Digital Detour

The 5 Best Hiking Apps

September 24, 2019 Buying Guides By

Going off the grid can be a liberating experience. Hiking, trail running or camping, living at the pace of nature — these are downright therapeutic. But it also helps to know where you’re going, which direction you came from, or even just general information about the environment around you. So before you go all Into the Wild, consider at least charging up your mobile device and downloading these apps. They’ll make your life easier — and they might even save it.

Gaia GPS

The free app will let you check out a plethora of hiking trails across the country, but the premium version ($36 for the first year, then $40 per year) lets you download all the maps so you can get where you need to be, even in the backcountry. If you won’t have cell service on your trip, the premium version also lets you view the topo, satellite or road map version of your route.



If you feel like you’re in a rut, hiking the same old trails, AllTrails is your friend thanks to 50,000+ routes in the US. Filters for dog-friendly, kid-friendly and wheelchair-friendly trails make narrowing down a choice easier. All the trails on the app are curated by hikers and mountain bikers all over the country, so feel free to record, upload and share your own routes.

Oh, Ranger! ParkFinder


Oh, Ranger! is a database filled to the brim with info on national parks, national forests and all other federal recreation destinations. It also includes every state and local park in the nation. Browse park overviews and descriptions, maps and directions, and take note of important phone numbers and seasonal weather.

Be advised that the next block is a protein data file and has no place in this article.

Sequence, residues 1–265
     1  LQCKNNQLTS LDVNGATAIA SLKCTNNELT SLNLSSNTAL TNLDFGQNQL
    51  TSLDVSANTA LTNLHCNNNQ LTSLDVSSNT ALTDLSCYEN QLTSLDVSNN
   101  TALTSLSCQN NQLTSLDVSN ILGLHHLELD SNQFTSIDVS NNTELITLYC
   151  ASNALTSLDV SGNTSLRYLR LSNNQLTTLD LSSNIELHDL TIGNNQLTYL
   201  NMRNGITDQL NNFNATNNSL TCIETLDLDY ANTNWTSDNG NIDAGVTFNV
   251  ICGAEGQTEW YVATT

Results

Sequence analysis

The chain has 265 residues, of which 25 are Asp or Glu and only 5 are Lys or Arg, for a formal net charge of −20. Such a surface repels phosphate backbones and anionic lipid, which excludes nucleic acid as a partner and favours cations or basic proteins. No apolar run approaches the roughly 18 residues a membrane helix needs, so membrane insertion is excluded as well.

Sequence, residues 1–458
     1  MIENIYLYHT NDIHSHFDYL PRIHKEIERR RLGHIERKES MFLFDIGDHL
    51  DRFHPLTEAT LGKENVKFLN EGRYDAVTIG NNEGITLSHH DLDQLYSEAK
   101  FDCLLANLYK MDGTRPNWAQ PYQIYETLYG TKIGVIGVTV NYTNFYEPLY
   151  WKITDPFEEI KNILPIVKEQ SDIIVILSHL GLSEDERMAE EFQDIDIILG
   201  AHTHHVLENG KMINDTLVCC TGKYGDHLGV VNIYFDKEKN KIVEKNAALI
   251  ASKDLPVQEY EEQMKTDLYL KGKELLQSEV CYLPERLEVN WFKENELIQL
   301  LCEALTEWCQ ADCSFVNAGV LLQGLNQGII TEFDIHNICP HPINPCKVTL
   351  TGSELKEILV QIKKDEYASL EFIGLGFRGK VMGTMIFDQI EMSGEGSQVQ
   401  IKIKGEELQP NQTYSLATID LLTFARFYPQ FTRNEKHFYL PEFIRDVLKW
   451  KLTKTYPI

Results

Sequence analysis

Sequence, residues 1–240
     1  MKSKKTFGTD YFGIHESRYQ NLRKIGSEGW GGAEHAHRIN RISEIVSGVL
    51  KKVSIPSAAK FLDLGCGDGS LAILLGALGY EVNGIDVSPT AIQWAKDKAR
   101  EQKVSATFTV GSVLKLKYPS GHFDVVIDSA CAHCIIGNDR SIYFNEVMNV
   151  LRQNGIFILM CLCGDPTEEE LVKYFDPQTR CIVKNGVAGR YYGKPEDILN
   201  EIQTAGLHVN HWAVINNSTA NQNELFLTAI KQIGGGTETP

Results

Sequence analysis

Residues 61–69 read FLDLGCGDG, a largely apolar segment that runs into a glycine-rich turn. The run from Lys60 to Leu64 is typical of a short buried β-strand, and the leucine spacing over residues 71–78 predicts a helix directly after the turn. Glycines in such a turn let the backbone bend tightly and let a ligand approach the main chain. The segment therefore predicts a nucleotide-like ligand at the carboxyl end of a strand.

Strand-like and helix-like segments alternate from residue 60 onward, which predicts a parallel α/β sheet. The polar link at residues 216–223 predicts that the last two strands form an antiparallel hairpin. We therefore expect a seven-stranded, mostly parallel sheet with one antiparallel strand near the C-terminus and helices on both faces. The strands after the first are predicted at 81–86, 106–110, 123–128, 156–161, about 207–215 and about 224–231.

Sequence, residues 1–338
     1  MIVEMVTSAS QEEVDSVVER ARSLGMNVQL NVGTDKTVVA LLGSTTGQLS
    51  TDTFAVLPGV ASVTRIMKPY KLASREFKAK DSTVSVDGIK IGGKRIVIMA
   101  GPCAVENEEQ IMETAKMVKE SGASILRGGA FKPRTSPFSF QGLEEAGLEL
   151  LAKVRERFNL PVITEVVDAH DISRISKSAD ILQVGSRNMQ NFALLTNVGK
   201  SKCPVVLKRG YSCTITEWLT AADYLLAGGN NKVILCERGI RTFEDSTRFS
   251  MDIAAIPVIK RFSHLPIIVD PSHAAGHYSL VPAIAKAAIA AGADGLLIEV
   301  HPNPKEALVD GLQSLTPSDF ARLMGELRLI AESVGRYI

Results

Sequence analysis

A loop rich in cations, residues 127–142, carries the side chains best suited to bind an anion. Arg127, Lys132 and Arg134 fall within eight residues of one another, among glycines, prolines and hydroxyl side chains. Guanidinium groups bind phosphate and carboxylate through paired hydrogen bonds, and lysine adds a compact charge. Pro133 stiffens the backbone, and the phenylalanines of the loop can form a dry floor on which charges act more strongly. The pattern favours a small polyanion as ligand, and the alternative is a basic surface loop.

SAS Survival Guide


Like a little British Special Forces soldier in your pocket, this app has tips from John “Lofty” Wiseman and the full text of his survival book. Other features include a sun compass, a survival checklist, a morse code signaling device and an extreme-climate survival guide.

Map My Hike


Developed by Under Armour, this app lets you log over 600 types of workouts and record activities based on the GPS data you create. One interesting feature is that you can monitor certain connected gear (like running shoes) to keep an eye on the mileage you’re racking up with them; you’ll eventually receive a notification when it’s time to invest in a new pair.

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Meg Lappe

Meg Lappe is Gear Patrol's Editorial Coordinator, handling strategy across our digital, print, video and social teams. She can typically be found running around.

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